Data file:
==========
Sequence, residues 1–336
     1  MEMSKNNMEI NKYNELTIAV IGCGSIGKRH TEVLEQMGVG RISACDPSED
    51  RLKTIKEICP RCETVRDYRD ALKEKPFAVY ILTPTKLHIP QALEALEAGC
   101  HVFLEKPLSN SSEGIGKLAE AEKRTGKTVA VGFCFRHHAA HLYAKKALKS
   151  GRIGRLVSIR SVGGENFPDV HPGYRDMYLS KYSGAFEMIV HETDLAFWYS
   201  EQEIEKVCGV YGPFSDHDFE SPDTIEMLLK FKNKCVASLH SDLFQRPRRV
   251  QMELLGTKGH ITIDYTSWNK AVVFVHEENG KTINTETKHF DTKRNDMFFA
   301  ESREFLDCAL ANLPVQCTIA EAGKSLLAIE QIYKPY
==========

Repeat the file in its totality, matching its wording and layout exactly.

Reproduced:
Sequence, residues 1–336
     1  MEMSKNNMEI NKYNELTIAV IGCGSIGKRH TEVLEQMGVG RISACDPSED
    51  RLKTIKEICP RCETVRDYRD ALKEKPFAVY ILTPTKLHIP QALEALEAGC
   101  HVFLEKPLSN SSEGIGKLAE AEKRTGKTVA VGFCFRHHAA HLYAKKALKS
   151  GRIGRLVSIR SVGGENFPDV HPGYRDMYLS KYSGAFEMIV HETDLAFWYS
   201  EQEIEKVCGV YGPFSDHDFE SPDTIEMLLK FKNKCVASLH SDLFQRPRRV
   251  QMELLGTKGH ITIDYTSWNK AVVFVHEENG KTINTETKHF DTKRNDMFFA
   301  ESREFLDCAL ANLPVQCTIA EAGKSLLAIE QIYKPY